9. Dodgers aren’t in the business of giving out these long term contracts in the 7 to 11 year range, which Trea just signed. Mookie was the exception, as he was 27 or 28 when he signed it and was a proven talen and leader. Trea isn’t worth that many years. Dodgers are not going to spend big this year to make sure they are under the tax treshold and be prepared next year to spend big on Ohtani.

    1. Ohtani is one pitch from a second ucl surgery that will convert him to relief pitcher. How do you work a relief pitcher into a line up and keep him available to pitch?

  10. Eleven years is ridiculously long for a shortstop entering his age 30 season. He will not be worth the money for the 2d half of that contract. The CBT has not been going up as fast as inflation, so he is going to be taking up too large a percentage of the Phillies’ budget for many years. This trend to give older star players a higher and higher percentage of the CBT will be seen as a mistake. This off season not signing Tyler Anderson was a mistake, but the other non-signings have made good sense. Yes, save money for free agents after the 2023 season.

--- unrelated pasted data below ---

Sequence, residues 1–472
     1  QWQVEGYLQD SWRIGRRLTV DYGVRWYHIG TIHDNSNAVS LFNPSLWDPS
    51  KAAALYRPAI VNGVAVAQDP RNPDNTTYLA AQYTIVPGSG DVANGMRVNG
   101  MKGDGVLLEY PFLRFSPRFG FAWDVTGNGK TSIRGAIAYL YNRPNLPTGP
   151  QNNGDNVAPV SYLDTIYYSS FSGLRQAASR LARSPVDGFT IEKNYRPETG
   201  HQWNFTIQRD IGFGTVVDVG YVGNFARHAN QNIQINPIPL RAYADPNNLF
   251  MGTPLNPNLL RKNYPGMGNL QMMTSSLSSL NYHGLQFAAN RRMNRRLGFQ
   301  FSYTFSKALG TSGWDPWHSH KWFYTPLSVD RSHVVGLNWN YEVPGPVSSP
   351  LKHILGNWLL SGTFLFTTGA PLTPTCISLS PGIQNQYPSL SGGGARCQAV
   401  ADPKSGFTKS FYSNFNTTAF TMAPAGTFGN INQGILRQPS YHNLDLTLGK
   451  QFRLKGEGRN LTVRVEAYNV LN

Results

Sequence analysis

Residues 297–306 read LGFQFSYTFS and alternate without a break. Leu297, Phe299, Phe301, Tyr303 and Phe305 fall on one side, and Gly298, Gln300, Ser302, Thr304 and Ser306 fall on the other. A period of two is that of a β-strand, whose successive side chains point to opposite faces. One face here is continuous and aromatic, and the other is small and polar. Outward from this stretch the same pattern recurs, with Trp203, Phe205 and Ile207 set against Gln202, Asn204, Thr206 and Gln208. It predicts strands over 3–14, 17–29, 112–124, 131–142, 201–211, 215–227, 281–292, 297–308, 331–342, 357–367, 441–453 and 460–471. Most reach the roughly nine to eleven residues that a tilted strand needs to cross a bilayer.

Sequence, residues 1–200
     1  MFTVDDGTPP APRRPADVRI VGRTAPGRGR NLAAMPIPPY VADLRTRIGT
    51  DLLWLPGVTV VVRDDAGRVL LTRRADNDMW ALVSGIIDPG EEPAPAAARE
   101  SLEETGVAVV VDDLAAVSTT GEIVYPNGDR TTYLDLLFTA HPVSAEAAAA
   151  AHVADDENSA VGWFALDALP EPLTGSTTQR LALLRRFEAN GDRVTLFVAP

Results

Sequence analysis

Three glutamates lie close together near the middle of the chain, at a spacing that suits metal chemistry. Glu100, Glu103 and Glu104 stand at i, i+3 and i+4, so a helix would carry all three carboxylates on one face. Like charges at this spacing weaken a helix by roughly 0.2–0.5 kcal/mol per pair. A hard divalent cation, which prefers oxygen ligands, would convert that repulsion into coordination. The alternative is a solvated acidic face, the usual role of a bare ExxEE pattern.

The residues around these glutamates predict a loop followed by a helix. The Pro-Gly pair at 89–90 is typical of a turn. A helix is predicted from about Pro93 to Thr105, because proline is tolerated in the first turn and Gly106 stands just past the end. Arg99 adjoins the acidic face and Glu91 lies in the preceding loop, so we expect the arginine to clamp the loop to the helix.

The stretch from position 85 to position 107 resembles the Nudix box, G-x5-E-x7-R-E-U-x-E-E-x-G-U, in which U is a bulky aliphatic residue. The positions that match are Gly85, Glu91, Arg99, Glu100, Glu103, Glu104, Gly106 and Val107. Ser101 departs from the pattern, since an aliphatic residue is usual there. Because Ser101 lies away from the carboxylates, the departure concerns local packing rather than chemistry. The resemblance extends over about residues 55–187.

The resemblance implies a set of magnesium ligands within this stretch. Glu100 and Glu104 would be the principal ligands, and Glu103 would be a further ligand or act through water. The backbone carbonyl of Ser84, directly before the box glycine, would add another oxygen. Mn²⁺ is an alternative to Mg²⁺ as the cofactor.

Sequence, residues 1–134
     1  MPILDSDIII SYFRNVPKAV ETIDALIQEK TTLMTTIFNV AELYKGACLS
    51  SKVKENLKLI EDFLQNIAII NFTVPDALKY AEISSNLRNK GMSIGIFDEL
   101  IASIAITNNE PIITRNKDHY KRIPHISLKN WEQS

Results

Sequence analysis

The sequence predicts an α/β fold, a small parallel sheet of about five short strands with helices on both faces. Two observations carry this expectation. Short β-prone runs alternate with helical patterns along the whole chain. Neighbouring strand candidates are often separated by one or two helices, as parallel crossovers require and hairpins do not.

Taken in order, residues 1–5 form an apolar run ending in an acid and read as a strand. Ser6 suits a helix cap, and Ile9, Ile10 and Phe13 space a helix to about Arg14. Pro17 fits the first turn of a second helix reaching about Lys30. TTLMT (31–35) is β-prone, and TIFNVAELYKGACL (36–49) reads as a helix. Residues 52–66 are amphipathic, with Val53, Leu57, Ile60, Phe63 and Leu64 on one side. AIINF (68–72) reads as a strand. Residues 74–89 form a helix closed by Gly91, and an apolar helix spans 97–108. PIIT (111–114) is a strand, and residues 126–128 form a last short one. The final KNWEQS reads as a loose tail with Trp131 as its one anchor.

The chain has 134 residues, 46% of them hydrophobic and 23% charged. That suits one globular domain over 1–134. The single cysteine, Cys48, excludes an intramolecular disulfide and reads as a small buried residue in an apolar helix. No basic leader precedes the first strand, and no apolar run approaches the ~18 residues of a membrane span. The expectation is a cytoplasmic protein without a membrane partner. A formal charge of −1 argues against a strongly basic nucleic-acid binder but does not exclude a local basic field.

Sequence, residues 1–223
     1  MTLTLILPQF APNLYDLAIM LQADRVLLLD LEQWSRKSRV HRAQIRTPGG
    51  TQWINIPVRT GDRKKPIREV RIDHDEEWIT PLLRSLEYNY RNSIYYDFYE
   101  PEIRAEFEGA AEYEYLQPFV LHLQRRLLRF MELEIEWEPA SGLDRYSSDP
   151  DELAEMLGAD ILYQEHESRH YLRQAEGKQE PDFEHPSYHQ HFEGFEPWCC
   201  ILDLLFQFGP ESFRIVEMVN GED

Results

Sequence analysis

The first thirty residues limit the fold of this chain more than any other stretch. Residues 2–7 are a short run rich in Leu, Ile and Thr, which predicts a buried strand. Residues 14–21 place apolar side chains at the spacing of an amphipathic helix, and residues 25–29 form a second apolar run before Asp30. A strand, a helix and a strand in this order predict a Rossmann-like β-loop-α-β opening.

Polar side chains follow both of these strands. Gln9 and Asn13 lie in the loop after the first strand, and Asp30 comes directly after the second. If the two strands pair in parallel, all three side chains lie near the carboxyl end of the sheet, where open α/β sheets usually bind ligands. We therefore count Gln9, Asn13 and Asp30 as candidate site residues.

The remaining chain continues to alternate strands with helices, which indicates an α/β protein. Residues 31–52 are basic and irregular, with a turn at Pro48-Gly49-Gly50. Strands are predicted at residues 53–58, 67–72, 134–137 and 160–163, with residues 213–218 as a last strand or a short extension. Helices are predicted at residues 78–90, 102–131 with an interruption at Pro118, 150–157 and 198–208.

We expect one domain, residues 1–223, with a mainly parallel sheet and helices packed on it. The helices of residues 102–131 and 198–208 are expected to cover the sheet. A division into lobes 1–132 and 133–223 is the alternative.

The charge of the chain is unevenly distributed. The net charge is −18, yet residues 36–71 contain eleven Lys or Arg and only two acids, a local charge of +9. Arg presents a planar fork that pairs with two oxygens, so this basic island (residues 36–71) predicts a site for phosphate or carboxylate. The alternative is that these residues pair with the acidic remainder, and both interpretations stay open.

11. It all starts and ends with management, I personally don’t think alot of the players are real happy with the Doc? He’s a loser when it counts.

  12. I understand what is being said here above about the dodgers not wanting to give out these long term contracts, especially to players who will be older in the second half of their contracts, and wanting to come in under the luxury tax and the proposition of spending bigger next year, and giving the newer, younger players a chance to show what they can bring, etc. But having Freeman and Betts in their supposed prime, along with what’s left of the pitching staff, shouldn’t this be the time the dodgers should be doing what they can to get back to the world series? Otherwise, why go out and sign Betts and Freeman to the contracts they got? Or are they okay with putting a second place team on the field, while still putting people in the stands but saving money. If so, maybe Kershaw should have held out some more before re-signing.